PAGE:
The system brought in a new CEO who fit with its culture. He stabilized the organization, restored its reputation, galvanized the staff, and stopped the revolving door of senior executives, leading the system from the brink of failure to a position of financial strength worthy of a ratings upgrade.
With CEO fitness now thrust into the spotlight, more investors will be scrutinizing a health system’s patterns of progress in construction and service-expansion projects, in regular technological upgrades, in the stability of its staff, in growth in patient numbers, and improvement in patient outcomes as potential indicators of the cultural fitness of the CEO. Evidence of a negative shift in patterns will compel investors to reevaluate the overall health of the institution.
Health systems are beginning to respond with greater urgency to the crisis by paying closer attention to cultural fit to reduce CEO turnover and sustain growth—a trend that will continue as organizations seek to regain or maintain financial stability and positive bond ratings, and seek to restore or reinforce investor confidence. Deliberate attention to CEO fit is now, and will remain, critical for the success of not-for-profit health systems and for their investors.
About Michael Corey
Michael Corey is a partner at Phillips, DiPisa & Associates and a former hospital senior executive. He specializes in senior-level executive recruitment for community healthcare systems, academic medical centers, medical group management, associations, and leadership for not-for-profit organizations.
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About Phillips, DiPisa & Associates
Phillips DiPisa is a retained executive search firm serving the healthcare industry. Ranked as one of the top healthcare recruiting firms in the country, Phillips DiPisa is known as Leaders in Recruiting Leaders by its growing base of clients across the country, drawing on a national pool of candidates. For more information, please visit
Forbes, 7/24/2013 @ 10:03AM
Dave Chase, Contributor
I power/cover disruptive innovators reinventing healthcare.
What’s The Role Of A Hospital In 10 Years?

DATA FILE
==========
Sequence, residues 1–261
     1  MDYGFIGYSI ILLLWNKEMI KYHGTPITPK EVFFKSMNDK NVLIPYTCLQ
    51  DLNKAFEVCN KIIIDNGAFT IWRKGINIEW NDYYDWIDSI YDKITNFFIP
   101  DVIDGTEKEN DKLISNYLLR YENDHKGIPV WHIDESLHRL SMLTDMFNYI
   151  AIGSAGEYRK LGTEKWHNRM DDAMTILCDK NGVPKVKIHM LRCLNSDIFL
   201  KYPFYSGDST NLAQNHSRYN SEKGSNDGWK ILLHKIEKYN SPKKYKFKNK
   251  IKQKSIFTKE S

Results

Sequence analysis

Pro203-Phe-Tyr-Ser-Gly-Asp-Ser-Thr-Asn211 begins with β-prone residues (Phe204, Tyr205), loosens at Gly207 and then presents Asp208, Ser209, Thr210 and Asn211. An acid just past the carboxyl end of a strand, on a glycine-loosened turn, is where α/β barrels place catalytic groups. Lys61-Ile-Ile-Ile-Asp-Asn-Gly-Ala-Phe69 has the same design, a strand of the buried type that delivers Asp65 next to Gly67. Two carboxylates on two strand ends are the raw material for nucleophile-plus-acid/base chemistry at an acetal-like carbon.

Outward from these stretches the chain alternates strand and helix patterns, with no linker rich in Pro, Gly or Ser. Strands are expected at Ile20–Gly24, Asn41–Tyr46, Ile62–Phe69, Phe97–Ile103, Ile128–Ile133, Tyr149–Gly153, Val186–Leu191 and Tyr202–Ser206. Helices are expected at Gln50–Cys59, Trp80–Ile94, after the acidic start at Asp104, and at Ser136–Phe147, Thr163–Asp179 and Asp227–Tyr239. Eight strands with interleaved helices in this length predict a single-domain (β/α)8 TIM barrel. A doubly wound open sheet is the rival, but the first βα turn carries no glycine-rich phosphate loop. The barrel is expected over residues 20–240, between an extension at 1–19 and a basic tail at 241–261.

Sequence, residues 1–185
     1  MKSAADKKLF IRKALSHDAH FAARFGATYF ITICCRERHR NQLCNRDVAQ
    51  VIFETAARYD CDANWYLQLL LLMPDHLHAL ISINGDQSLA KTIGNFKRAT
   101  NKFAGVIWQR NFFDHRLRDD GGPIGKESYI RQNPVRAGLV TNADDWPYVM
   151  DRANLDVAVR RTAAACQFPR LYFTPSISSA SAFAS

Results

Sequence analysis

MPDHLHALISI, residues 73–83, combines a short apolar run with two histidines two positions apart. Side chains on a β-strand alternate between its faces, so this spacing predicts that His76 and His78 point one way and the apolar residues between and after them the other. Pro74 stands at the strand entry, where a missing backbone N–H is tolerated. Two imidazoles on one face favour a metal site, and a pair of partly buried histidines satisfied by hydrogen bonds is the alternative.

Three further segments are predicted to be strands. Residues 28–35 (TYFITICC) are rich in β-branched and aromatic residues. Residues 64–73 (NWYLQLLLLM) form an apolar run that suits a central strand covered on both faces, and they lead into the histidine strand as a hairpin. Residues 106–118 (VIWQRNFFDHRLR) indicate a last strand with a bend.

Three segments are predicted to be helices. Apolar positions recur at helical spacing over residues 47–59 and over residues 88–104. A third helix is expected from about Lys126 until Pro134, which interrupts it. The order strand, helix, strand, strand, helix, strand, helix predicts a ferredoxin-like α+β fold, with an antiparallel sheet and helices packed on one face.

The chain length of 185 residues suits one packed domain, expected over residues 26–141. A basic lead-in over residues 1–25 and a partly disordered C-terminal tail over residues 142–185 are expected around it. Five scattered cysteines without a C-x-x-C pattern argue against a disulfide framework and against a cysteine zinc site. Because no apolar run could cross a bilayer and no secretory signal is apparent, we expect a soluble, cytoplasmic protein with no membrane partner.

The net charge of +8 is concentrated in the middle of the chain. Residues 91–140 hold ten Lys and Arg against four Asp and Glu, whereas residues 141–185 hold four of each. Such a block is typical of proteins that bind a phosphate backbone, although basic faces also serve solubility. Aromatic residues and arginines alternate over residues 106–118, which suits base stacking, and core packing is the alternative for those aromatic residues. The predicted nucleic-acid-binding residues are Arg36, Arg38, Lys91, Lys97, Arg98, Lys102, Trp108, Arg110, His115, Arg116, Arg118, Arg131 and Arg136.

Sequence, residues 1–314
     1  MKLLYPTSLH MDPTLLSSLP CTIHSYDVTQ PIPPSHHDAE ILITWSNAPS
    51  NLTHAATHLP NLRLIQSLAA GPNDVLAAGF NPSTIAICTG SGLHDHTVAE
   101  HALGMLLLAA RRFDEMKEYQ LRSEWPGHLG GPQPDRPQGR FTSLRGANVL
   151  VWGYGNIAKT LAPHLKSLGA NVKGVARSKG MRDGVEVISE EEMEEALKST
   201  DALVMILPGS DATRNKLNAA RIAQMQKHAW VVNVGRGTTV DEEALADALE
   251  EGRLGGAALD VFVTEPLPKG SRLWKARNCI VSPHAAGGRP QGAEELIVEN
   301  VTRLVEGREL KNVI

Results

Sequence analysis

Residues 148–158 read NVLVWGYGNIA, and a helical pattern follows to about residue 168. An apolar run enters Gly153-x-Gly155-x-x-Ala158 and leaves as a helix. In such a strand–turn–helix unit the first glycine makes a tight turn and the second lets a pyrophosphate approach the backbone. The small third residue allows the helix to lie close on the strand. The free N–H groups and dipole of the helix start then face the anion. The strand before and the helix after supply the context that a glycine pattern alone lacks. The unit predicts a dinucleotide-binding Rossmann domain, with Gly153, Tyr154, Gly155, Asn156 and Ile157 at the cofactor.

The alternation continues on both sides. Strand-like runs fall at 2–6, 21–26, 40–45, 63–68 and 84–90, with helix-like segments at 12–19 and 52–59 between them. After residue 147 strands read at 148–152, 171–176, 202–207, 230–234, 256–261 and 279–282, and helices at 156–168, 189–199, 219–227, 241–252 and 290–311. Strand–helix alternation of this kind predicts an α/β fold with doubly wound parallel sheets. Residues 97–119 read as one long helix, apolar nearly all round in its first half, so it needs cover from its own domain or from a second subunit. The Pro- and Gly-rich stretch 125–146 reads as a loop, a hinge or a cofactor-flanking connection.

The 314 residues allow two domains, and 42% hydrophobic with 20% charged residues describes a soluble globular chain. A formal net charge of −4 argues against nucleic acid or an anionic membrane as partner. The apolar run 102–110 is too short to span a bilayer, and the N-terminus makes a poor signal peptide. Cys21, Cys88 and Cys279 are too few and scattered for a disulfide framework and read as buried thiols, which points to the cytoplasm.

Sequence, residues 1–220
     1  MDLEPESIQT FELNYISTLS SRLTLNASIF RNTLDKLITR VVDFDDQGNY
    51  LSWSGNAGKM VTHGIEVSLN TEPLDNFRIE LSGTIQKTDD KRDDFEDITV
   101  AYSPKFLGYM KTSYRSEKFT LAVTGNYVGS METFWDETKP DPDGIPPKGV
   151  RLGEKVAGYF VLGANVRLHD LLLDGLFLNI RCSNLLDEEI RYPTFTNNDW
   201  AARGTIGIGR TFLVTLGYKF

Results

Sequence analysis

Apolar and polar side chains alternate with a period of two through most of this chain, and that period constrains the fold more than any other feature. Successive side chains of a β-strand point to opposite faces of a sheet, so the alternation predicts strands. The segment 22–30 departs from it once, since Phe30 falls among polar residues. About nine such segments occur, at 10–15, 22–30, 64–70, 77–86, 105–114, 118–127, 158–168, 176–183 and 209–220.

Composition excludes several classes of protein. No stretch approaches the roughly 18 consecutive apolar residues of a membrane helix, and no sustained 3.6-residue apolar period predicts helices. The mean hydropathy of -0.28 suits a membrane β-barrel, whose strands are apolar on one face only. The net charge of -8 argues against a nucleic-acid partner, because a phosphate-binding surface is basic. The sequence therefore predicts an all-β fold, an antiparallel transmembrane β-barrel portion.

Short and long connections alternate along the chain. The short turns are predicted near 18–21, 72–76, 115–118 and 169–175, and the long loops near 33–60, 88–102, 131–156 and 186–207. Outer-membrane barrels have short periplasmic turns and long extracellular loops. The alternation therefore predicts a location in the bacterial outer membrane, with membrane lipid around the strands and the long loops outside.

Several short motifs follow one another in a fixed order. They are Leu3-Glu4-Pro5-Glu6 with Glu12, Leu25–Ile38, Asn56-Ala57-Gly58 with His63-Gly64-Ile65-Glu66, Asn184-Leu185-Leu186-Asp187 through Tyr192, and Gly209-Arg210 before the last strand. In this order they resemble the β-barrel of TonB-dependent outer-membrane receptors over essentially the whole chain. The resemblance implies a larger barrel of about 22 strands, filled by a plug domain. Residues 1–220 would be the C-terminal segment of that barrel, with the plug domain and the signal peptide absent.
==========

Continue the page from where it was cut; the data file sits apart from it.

Dr. Eric Topol was named #1 Most Influential Physician Executive in Healthcare of 2012 by Modern Healthcare so his views are closely watched. In addition to his role as a cardiologist, geneticist and author of the Creative Destruction of Medicine, he’s also the Editor-in-Chief of Medscape (WebMD’s leading physician offering). Every health system CEO I’ve spoken with readily admits that we’ve essentially had a hospital building bubble with an over-capacity of 40-50% of hospital beds as we shift from the “do more, bill more” fee-for-service system to the “no outcome, no income” fee-for-value era.
Topol has gone on the record stating that in the future, the only real reason to have hospitals is for their Intensive Care Units if digital medicine is adopted. His recent tweet of his vision was provocative comparing it to Wired’s vision. Despite the widely held view of over-capacity and alternative scenarios such as Topol’s, I have yet to hear about the health system board thinking in these terms. With the board’s fiduciary responsibility to think further out than the CEOs since their tenure usually outlives CEO tenure, is this not a dereliction of their duties?
While some healthcare leaders may dismiss Topol, his ideas aren’t without precedent. In Denmark, they realized that most people weren’t having their end-of-life wishes met — generally speaking people want to be with family and friends at home while being warm, dry and pain free. A shift in approach shifted the norms from well over half of people dying at hospitals, to 92% dying at home according to their wishes. A mix of remote monitoring, video conferencing and house calls enabled this. This also happens to be far less expensive — not an insignificant point in these budget-constrained times.